Buyers willing to spend the money for an ‘ideal’ home, but not the time to
renovate

According to the poll, buyers are willing to spend what it takes to find their
dream home and the majority would rather pay more for a home than spend
the time to renovate themselves after purchase. The poll showed that 63 per
cent of buyers preferred a higher priced home that does not require any
renovations over a lower priced fixer-upper.

In addition, while 65 per cent of buyers thought that one should have to spend
over five thousand dollars on updating a newly purchased home to get it to a
state in line with their tastes, the majority of buyers (57%) were merely willing
to spend up to six months updating a newly purchased home while nine per
cent of buyers would only consider buying a home that did not require changes.

Other poll findings:

          •   Fifty-eight per cent of buyers surveyed revealed that they were
              willing to make a decision after viewing 10 homes or less, while
              only 11 per cent of buyers thought they would have to view over
              20 homes in order to feel comfortable making a decision.
             •   An overwhelming majority of people (83%) surveyed said that they
                 would regard their Realtor’s assessment of the home as somewhat
                 or very important. As such, sellers need to impress both potential
                 buyers and Realtors, who are local market experts. This dynamic
                 raises the bar for everyone selling a home.
             •   When asked which room of the house had the most significant
                 impact on their purchasing decision, 52 per cent of buyers said
                 the kitchen and 25 per cent said the living room. A surprisingly
                 low five per cent of buyers thought the bathroom had the greatest
                 impact.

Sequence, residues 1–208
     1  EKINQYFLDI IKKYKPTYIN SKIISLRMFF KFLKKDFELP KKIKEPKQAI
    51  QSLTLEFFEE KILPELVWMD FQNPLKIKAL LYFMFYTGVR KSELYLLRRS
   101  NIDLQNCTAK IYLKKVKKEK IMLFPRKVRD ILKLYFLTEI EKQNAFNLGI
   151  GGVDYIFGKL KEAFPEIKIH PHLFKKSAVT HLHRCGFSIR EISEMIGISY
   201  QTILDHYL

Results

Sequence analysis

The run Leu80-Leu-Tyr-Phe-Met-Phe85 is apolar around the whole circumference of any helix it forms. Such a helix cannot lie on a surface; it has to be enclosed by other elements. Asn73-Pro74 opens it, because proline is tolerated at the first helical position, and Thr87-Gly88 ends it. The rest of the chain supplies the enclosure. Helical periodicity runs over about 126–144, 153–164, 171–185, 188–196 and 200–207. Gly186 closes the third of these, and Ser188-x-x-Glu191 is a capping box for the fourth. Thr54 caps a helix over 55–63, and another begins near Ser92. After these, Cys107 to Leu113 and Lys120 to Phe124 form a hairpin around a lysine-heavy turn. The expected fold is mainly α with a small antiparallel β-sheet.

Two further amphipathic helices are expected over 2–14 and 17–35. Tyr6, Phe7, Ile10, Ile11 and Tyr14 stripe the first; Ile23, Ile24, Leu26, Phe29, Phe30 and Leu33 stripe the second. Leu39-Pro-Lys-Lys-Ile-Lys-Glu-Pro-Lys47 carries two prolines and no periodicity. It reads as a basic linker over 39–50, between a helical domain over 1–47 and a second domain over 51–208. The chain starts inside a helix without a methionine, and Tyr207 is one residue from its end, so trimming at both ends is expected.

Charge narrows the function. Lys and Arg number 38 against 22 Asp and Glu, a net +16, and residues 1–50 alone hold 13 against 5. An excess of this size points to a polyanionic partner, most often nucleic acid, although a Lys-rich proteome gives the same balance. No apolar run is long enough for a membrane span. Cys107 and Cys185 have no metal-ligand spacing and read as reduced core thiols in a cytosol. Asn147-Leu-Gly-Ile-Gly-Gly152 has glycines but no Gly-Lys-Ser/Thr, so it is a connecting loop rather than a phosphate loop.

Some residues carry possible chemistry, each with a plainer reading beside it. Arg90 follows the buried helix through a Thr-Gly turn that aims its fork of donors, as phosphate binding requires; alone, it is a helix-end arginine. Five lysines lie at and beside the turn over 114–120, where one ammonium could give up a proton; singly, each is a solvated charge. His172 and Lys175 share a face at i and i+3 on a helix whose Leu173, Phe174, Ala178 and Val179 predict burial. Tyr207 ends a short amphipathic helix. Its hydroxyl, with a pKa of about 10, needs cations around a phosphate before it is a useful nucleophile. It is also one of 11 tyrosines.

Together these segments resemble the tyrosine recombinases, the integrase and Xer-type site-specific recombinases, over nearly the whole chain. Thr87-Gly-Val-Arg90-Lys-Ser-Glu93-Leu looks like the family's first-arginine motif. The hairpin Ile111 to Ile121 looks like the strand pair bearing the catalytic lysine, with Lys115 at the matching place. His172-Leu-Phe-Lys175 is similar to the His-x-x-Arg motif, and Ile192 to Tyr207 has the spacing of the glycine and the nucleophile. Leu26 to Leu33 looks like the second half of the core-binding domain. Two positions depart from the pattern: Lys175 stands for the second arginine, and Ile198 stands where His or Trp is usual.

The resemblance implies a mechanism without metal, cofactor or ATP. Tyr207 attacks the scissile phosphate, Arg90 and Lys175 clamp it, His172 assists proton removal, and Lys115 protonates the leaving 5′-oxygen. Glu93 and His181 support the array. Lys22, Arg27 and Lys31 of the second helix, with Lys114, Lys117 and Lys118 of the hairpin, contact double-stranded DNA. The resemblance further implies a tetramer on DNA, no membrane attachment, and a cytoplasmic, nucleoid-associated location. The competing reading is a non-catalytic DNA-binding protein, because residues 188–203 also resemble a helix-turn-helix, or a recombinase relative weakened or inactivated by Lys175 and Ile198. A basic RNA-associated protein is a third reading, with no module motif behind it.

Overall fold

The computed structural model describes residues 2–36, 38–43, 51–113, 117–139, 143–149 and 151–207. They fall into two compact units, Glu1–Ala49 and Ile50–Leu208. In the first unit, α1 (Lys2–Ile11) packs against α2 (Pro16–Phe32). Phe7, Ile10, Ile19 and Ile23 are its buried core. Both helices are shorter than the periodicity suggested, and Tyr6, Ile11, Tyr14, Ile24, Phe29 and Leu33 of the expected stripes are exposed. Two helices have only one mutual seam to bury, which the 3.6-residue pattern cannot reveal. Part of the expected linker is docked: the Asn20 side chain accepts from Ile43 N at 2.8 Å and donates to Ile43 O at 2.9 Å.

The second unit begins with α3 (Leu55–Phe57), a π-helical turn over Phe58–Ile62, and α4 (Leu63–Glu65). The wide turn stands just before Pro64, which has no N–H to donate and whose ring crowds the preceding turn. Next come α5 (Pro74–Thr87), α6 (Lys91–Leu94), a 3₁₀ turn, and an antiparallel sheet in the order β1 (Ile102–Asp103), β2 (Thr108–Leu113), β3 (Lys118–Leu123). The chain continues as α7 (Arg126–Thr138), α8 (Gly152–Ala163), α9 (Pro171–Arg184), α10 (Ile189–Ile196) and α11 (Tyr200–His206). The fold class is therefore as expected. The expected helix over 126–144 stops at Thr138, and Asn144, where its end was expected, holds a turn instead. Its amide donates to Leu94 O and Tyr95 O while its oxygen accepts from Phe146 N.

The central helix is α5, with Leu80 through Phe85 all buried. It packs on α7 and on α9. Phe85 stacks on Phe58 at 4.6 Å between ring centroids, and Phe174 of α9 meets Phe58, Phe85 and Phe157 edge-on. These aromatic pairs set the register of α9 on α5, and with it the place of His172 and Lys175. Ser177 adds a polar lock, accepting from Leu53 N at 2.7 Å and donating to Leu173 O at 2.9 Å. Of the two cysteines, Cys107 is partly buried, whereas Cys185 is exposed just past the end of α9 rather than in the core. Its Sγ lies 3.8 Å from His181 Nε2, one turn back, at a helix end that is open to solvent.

•   Twenty-seven per cent of those polled were looking to purchase a
                 home or condominium in the next five years.

The Royal LePage House Staging Poll was conducted by Maritz Research between January 26th and
January 31st, 2006. The poll is based on a randomly selected sample of 2,002 adult Canadians. More
specifically, the research focused on those who potentially will purchase a home or condominium in the
next 5 years. Due to this specific audience the actual number of respondents that qualified for this
survey was 508. With a sample of this size, results can be considered accurate to within +/- 4.35%, 19
times out of 20. This data was statistically weighted to ensure the sample’s regional and age/sex
composition reflects that of the actual Canadian population according to the 2001 Census data.

Royal LePage is Canada’s leading provider of franchise services to residential real estate brokerages, with
a network of over 11,700 agents and sales representatives in 600 locations across Canada operating under
the Royal LePage, Johnston and Daniel, Trans-Action and Realty World brand names. Royal LePage
manages the Royal LePage Franchise Services Fund, a TSX listed income trust, trading under the symbol
“RSF.UN”. For more information, visit www.royallepage.ca.